Sydney: Australia’s selectors have been confused and contradictory in their choice of a side tagged the ‘Recyclables’ for next week’s crucial third Ashes Test, newspapers said on Saturday.
England as holders can retain the Ashes if they win the third Test, starting in Perth on Thursday, after crushing Australia by an innings in the second Adelaide Test.
There is a conviction among the media that another round of chopping and changing at the selection table was not going to fix things for the troubled Australian team, who have not won any of their last five Tests.
“Australia have gone from the 1948 Invincibles to the 2010 Recyclables after their sack-then-back approach to fast bowlers during this Ashes campaign,” The Sydney Morning Herald said.
Mitchell Johnson and Ben Hilfenhaus have been recalled after being dropped for the second Test and Doug Bollinger, dropped for the first Test, has been axed again after a recall in the previous game.
Former Test paceman Geoff Lawson said the fast bowlers would be unsure of their places and what selectors were thinking.
“I think they’d be very confused -- I’m confused,” Lawson told the Herald.
“I think there’s some logical things to do and they haven’t been done. It’s hard to find a rhyme or reason why they do things.”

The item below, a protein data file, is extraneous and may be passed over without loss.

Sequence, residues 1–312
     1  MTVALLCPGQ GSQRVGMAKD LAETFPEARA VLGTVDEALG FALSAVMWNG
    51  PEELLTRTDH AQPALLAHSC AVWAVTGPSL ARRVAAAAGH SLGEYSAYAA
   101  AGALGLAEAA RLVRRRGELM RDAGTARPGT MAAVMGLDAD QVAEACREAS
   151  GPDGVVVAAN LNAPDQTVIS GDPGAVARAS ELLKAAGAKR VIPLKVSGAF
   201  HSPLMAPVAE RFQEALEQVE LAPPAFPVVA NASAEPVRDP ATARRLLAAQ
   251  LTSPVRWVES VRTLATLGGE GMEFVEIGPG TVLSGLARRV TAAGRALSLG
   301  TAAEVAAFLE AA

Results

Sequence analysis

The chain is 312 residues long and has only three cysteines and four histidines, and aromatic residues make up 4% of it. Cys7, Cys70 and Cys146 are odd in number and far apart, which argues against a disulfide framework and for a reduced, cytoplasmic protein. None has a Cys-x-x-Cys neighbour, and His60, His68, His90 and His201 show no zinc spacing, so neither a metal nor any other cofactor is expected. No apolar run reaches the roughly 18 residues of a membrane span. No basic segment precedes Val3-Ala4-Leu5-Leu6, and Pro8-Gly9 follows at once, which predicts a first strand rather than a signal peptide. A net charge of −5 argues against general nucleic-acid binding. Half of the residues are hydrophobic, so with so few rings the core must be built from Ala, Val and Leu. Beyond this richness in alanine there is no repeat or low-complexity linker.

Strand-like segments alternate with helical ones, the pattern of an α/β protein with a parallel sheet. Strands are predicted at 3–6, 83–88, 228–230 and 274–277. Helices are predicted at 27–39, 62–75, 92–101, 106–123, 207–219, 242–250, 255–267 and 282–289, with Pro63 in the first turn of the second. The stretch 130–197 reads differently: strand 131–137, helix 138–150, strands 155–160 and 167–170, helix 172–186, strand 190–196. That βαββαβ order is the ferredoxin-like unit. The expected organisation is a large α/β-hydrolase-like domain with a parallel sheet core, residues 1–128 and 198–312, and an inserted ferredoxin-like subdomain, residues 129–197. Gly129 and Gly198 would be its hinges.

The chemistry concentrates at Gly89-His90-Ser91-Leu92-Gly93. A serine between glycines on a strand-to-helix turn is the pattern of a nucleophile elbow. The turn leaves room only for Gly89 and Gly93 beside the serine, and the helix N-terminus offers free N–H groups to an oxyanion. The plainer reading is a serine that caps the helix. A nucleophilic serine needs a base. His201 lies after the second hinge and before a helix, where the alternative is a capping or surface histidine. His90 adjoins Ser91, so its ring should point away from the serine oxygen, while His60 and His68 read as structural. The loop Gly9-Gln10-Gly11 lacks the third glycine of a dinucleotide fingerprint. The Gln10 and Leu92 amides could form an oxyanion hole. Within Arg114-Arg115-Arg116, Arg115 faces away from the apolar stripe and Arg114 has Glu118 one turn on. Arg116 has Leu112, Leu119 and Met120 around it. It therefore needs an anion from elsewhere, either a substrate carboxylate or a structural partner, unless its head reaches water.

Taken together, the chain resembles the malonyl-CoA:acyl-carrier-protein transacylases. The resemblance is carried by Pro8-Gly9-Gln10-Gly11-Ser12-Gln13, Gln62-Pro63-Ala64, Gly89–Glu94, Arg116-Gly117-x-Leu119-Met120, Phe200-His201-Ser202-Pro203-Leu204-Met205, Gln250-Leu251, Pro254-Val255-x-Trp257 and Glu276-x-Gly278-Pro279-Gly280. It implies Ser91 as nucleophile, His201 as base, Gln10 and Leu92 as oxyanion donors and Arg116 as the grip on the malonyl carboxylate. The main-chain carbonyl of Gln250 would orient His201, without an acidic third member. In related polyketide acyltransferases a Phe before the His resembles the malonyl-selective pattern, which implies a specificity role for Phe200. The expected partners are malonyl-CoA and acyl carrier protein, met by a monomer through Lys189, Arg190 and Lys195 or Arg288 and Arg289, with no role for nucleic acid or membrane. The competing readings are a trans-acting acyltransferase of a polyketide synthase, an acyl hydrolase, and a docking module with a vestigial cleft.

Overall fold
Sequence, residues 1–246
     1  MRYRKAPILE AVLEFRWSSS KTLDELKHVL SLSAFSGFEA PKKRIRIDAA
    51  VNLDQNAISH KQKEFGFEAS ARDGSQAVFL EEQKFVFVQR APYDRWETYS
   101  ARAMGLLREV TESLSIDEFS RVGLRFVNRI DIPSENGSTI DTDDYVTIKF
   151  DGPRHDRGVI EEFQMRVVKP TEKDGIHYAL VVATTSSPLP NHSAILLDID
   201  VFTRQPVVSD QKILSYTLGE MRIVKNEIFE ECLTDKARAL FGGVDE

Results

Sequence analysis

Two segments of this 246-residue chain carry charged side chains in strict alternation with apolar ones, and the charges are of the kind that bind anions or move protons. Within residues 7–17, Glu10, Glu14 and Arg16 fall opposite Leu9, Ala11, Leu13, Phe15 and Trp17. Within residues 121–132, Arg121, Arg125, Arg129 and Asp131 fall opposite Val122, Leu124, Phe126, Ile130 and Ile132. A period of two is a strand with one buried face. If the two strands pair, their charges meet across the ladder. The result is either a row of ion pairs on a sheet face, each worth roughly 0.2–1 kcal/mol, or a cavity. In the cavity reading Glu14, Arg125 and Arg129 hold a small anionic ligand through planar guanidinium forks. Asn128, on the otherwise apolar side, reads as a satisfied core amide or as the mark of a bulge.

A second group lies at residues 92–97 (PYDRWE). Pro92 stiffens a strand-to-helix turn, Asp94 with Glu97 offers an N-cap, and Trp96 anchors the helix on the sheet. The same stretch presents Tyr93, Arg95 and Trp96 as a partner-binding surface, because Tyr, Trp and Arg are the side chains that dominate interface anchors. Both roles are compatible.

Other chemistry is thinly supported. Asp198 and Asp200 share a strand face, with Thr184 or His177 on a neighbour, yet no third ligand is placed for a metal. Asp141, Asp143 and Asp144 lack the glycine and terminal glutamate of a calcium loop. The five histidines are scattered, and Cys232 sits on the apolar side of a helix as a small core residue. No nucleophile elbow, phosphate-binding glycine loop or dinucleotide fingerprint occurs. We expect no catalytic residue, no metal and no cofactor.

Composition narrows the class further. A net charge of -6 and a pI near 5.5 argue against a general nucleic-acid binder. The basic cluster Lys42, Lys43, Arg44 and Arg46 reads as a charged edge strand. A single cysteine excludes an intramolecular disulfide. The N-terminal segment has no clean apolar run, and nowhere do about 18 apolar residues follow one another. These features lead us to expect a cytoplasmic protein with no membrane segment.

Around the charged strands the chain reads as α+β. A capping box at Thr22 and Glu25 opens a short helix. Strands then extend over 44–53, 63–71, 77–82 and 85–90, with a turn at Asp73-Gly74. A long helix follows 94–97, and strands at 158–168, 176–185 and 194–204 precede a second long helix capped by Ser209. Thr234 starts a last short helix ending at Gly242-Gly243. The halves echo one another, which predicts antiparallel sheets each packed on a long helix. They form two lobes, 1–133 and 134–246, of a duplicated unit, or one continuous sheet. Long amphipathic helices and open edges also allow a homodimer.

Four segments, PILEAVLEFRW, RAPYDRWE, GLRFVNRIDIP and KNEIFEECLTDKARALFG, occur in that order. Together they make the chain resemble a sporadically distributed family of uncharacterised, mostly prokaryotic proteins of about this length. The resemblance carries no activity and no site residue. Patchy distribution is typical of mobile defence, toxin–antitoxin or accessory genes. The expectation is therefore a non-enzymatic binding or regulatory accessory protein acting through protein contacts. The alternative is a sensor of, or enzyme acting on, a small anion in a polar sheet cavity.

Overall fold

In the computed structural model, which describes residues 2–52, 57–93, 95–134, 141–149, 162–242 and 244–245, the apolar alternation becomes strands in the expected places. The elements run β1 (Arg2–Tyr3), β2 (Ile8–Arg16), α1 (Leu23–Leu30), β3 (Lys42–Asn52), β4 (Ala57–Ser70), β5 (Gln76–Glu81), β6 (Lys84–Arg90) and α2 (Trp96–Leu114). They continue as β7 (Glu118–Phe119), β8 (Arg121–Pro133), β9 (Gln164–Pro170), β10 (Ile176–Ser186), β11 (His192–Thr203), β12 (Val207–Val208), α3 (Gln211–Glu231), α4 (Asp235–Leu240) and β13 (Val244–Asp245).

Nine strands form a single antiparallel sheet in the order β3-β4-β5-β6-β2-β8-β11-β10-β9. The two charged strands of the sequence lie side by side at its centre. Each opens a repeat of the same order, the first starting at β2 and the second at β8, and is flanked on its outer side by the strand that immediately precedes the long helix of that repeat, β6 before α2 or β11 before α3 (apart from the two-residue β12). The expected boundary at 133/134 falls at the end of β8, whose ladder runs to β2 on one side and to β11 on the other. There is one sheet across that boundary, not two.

Another ex-Test paceman Stuart Clark said a major problem facing the Australian bowling unit was the confusion surrounding places in the team.
“I can’t quite work out the logic behind the omission of Mitchell Johnson and Ben Hilfenhaus for the second Test, only to bring them back for the third. And what of Doug Bollinger missing the Perth squad altogether?” Clark told the Herald.
The Melbourne Age drew parallels with Australian cricket’s ‘bad old days’ of the 1980s when it hit rock bottom.
“Then as now, Australia were out of the habit of winning. Then, Australia had not won in 14 Tests, spanning more than a year. Now, it is five Tests, comparatively a blip,” The Age’s Greg Baum wrote.
Shock selection Michael Beer – after just five first-class matches for Western Australia – became Australia’s 10th spin bowler used since the retirement of Shane Warne almost four years ago.
“One of the great strengths of Australian teams of the past was that players who made the grade did so by performing strongly for extended periods in first-class cricket,” Clark said. “This no longer appears to be a prerequisite for selection.”
Xavier Doherty, dumped for Beer after his own surprise call-up for the first Test, said Beer’s selection hinted at “a bit of panic.”
Phillip Hughes, who was one of four changes from the second Test and is the nominated replacement for injured opener Simon Katich, has scored 118 runs in seven Sheffield Shield innings this season at 16.85.
Selector Greg Chappell admits Australian cricket is in decline and that it might have been unprepared for it.
“Sometimes the decline can happen steadily and almost unnoticeably, or it can be sudden and sharp. Or a combination of both,” Chappell told The Age.
“I think perhaps we haven’t recognised as quickly as we should have that we’ve been slipping back quietly and almost unnoticed.”